Aviation & Space Law
Did Northwest Pilots Who Flew Past Airport Fall Asleep? FAA Investigates
Posted Oct 23, 2009 1:42 PM CST
By Martha Neil
In what could be the second such incident involving a commercial airline flight within two years, two Northwest Airlines lost contact with ground controllers for approximately an hour and overshot their destination airport by 100 miles Wednesday night, sparking speculation that both had fallen asleep in the cockpit.
However, the two unidentified pilots told authorities after they and 147 others aboard the flight landed safely in Minneapolis that “they were in a heated discussion over airline policy and they lost situational awareness,” reports the New York Times, quoting the National Transportation Safety Board.
News reports differ about whether the pilots were eventually reached by an onboard flight attendant on an airline intercom, after failed efforts by ground control to make contact, or other pilots in the air. Once reached, the Northwest pilots were then asked to make a series of turns to confirm that they were in control of the aircraft, according to the newspaper. It was met upon landing by armed federal air marshals.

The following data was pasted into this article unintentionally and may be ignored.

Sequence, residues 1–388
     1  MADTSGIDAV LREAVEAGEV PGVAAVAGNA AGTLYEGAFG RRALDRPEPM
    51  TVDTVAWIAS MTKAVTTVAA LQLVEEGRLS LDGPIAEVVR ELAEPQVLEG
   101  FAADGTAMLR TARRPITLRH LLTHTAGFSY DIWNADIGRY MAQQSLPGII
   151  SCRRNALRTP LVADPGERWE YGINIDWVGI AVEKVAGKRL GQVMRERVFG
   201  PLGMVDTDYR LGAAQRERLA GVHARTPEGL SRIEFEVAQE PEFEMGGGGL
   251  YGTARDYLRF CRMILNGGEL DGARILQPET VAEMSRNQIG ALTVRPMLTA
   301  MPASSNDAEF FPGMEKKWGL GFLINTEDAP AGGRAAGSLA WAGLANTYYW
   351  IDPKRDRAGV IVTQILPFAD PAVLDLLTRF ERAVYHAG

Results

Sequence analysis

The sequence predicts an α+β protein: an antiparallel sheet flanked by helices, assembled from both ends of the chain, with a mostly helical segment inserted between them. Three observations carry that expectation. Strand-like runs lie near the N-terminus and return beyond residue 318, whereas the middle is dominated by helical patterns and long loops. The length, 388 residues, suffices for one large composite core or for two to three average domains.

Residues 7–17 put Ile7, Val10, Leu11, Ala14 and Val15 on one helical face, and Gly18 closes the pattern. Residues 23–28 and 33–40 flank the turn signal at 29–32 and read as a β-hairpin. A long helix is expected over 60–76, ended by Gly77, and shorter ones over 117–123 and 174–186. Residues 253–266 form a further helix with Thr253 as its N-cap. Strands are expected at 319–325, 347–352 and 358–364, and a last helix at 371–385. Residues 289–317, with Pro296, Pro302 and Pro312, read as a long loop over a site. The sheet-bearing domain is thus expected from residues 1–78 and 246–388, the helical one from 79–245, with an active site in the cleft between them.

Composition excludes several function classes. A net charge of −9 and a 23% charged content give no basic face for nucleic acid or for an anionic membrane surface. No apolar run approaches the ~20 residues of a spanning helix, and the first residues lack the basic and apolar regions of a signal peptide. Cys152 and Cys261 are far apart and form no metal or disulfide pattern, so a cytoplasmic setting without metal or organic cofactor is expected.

A Federal Aviation Administration investigation into the incident is continuing. Fatigue can be a problem for overworked pilots and, as the Northwest incident this week—and "Balloon boy" incident last week—demonstrated, a considerable amount of resources can be required to address a situation that eventually proves to be a far less serious problem than initially feared. Concerned about a possible terrorist attack, officials had military fighter planes ready to scramble from Madison, Wis., to intercept the jetliner just before the Northwest pilots were reached, reports the Wall Street Journal.
In February 2008, as two Go! Airlines pilots later admitted, their flight overshot Hilo International Airport near Honolulu by 30 miles because they had both fallen asleep, the Times article notes. Because commercial flights are generally on autopilot while they are cruising at high altitude, pilot input is not necessary required to keep them aloft.
Additional and related coverage:
ABAJournal.com: " ‘Balloon Boy’ Parents to Be Charged in Alleged Hoax Promoting Reality TV Show"
Associated Press: "FAA investigators may be focusing on balloon call"
Daily Beast: "The New Cockpit Threat"
Star Tribune: "Recorder may not be help in flight mystery"